5 Reasons to Start Using Infographics in Your Online Courses Infographic
When given the opportunity, people would much rather look at an image or watch a video than read, and taking advantage of that for your online course design can help improve learner engagement by appealing to the common preference of visual learning. Here are 5 Reasons to Start Using Infographics in Your Online Courses Infographic.
1. Illustrating statistics
Using infographics to illustrate complicated statistics creates a visual representation, making the data easier to analyze. If learners know what they’re reading, they’ll be more inclined to retain the key points of your statistics.
2. Eliminating unnecessary details
If you don’t have a visual aid, you’re going to occupy more time and space attempting to explain something that would have been relatively easy with a graphic. An infographic will allow you to present direct comparisons and representations of the concepts you’re attempting to convey without convoluting your information. You won’t run the risk of learners becoming confused or bored.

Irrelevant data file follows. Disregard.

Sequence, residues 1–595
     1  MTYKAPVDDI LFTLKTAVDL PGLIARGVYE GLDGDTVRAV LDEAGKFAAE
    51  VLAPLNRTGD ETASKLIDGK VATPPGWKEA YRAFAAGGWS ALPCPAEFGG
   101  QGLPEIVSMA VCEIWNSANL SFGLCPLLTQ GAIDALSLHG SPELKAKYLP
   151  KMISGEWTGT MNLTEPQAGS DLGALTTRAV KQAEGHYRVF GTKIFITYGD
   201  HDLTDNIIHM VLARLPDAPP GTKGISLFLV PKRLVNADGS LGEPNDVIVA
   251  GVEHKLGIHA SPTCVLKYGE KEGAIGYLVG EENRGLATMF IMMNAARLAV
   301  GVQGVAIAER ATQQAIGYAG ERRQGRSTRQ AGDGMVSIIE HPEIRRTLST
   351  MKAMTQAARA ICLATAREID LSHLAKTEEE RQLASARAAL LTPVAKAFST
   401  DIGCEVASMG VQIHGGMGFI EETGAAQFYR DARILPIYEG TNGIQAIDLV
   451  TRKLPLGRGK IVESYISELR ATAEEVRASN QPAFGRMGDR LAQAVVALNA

3. When there's too much to wrap your head around
Wouldn’t it be great to be able to see representations of these people with lines connecting them? That would tell the whole story without mental gymnastics.
4. Helping two ideas meet
If you’ve taught two separate concepts that are intended to come together at some point, it won’t always be apparent how they work synergistically. Infographics are one of the best tools you can provide to bridge gaps and relate concepts in your eLearning courses.
5. Simplifying a process
An infographic can help relate the information to a visual of what occurs at a specific point during that process. Following the infographic to the end, your learners will understand the concept from start to completion while being able to see with their own eyes how a transformation is transpiring.
Though infographics are excellent tools, they won’t be as effective if they aren’t designed correctly. Stick with appealing color schemes, simple graphics, and valuable information. Never use an infographic just for the sake of having one, and don’t create a graphic that’s too complicated to serve its need. The purpose is to simplify, not to decorate.
You can adjust your cookie preferences here.